There we're only three different trim levels available for the 2005 Honda Pilots and these were listed in the brochure as the: LX, EX and EX-L models but I was not able to find any information that would indicate the trim level affecting the maximum trailer weight ratings listed in the chart.
In other words, it didn't matter what trim level you had on your vehicle, other factors came into play that affected the maximum trailer weight ratings like the number of occupants in the vehicle and what type of trailer you were pulling behind you.
GVWR, GCWR and GAWR Figures:
I was able to find other weight specifications listed in the owner's manual, alongside the trailer weight ratings and these were the gross combined weight rating, the gross vehicle weight rating and both of the gross axle weight ratings.
These figures will help you out when making more complex calculations for your load and gives you a better understanding of how much your vehicle can handle, how much your trailer can handle and how much both of them combined can handle.
GCWR: The gross combined weight rating was listed at a maximum of 9,700 lbs. and included the weight of the hitch and all accessories, including any fluid coolers that you might need to have in order to achieve these ratings.
GVWR: The gross vehicle weight rating was set at a maximum of 5,950 lbs. and this is basically the maximum amount of weight that the vehicle itself is capable of handling, which includes all occupants and luggage, along with the weight of the vehicle itself.
GAWR: Finally, the gross axle weight rating was listed and this is going to be separate weights for the front and rear axles. For the front axle, Honda specifies that 2,865 lbs. is the maximum limit and 3,155 lbs. is the maximum weight limit for the rear axle.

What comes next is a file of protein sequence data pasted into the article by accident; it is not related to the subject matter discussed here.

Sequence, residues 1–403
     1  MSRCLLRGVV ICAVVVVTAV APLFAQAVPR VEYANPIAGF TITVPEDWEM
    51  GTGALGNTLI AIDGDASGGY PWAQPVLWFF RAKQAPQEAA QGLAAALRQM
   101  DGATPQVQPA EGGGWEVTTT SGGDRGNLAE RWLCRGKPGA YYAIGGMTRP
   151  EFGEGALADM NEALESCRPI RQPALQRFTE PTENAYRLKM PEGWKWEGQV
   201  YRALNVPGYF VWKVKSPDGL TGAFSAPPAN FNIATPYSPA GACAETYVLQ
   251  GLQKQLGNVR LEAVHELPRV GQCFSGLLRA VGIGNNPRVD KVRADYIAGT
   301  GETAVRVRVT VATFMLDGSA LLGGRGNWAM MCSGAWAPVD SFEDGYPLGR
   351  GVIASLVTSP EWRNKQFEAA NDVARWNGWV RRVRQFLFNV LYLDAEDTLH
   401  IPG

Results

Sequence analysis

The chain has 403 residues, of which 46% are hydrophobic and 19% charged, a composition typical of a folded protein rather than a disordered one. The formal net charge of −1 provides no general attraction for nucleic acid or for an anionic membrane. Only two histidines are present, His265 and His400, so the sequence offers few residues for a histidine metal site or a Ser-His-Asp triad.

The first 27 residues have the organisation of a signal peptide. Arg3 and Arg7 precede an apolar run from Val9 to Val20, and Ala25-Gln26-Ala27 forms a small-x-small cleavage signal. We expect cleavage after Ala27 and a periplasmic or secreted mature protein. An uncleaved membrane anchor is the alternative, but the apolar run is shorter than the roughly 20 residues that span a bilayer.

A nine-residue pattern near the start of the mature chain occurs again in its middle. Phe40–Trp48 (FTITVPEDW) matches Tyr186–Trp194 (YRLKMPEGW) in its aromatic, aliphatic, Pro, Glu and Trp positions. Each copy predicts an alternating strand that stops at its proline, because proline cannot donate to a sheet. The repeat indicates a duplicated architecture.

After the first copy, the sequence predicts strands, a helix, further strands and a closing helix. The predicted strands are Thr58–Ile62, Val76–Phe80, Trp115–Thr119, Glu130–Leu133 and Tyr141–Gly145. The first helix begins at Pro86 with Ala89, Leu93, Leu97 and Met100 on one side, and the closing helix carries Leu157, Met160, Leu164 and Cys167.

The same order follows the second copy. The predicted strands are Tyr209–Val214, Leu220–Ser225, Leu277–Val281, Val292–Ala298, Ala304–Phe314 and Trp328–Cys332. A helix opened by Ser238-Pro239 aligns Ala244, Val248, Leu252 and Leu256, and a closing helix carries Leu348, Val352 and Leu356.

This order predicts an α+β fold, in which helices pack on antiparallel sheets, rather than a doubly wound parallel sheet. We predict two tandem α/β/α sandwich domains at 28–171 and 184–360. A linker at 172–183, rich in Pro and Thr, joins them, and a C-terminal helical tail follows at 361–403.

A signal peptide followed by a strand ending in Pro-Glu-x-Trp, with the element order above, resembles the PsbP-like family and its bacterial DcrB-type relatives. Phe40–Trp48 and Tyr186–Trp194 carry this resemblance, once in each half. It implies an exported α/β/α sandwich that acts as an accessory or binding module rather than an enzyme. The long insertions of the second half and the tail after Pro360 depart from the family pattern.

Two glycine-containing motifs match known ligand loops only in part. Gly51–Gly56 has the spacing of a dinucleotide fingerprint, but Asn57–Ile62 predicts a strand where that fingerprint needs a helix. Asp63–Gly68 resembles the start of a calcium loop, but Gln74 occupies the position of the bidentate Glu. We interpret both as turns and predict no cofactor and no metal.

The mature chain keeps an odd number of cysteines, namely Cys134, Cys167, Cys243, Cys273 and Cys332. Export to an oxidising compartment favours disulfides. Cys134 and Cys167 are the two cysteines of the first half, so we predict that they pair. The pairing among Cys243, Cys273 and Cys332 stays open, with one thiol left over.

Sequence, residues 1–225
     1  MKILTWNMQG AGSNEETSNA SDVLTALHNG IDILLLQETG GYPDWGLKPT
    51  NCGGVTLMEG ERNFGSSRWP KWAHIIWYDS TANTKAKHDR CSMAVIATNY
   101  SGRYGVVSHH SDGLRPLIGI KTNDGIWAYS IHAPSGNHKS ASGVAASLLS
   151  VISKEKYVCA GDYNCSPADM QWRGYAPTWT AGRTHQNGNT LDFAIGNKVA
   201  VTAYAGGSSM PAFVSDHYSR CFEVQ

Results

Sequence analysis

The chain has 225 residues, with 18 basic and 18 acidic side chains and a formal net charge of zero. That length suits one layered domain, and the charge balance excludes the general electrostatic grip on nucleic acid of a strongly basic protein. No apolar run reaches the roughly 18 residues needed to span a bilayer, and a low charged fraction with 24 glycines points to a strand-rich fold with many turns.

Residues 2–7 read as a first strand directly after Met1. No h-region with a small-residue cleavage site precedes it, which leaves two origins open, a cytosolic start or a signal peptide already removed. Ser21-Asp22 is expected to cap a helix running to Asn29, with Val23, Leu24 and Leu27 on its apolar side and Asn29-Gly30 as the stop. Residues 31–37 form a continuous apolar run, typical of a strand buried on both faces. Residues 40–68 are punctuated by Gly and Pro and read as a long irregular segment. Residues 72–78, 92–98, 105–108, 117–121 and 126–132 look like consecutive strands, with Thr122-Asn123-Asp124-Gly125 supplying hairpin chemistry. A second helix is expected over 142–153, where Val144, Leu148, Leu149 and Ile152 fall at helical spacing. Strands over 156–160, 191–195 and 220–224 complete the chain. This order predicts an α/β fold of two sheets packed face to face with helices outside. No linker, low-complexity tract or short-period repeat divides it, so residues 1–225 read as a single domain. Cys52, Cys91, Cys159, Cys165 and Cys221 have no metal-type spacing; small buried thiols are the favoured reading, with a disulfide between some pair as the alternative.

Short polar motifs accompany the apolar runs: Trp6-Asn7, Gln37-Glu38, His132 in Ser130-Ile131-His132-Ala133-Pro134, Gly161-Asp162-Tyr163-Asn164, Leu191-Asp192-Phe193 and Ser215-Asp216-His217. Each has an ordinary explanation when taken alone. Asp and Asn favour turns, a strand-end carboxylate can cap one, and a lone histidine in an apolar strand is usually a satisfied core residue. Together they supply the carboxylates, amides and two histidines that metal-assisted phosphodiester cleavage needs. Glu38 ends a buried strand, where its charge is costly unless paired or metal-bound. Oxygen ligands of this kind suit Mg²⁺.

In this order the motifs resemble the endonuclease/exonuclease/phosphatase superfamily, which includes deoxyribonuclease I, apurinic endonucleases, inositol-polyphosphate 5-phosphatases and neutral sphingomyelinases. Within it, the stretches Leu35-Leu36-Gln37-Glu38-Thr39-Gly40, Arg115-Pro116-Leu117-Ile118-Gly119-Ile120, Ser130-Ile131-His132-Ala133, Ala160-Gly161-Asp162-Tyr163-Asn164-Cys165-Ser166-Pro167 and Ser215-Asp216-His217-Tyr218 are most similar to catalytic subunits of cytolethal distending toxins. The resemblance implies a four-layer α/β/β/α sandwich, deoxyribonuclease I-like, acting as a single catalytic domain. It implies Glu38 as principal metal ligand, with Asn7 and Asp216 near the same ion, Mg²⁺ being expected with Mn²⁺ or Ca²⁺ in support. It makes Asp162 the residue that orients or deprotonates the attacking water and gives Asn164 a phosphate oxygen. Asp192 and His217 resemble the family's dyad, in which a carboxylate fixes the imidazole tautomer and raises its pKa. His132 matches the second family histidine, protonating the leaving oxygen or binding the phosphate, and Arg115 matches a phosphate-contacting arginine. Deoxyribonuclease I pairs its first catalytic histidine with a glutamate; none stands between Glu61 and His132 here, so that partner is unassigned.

Do I Have A Transmission & Power Steering Cooler?
If you study the chart I have posted at the top of this article, you can see a note that states that all of the maximum trailer weight ratings that are listed do require that you have the transmission and power steering coolers installed on the vehicle.
If you do not have these two coolers installed, then you had no ability to tow whatsoever, as you can see from the screenshot I found in the owner's manual posted below.
Other Notes I Found:
I kept digging through the owner's manual to see if there were any other pieces of information that I could post that might be helpful and I was able to find a couple of different things, which I posted screenshots of below.
Some of these items mentioned pulling a trailer off-road, which is possible, but you will need to keep in mind that the weight rating is significantly reduced and you will have to take extra precautions due to the bumpy terrain.
The other piece of information I found talks about how the performance of the vehicle can be affected by certain elements like steep uphill grade, hotter outside temperatures and higher elevation areas, which Honda recommends that you use premium fuel, if you think you might run into these types of situations.
Finally, Honda does not recommend using a weight distributing hitch with this particular model year SUV.
There were two main resources I used to gather the information for this article and most of the resources I gathered came directly from the owners manual, which came directly from Honda's website, but I was also able to use another resource that gave me a brief overview of some of the data, which I also found helpful.
I wanted to link to these two resources below for those of you out there that want to check these resources out for yourself.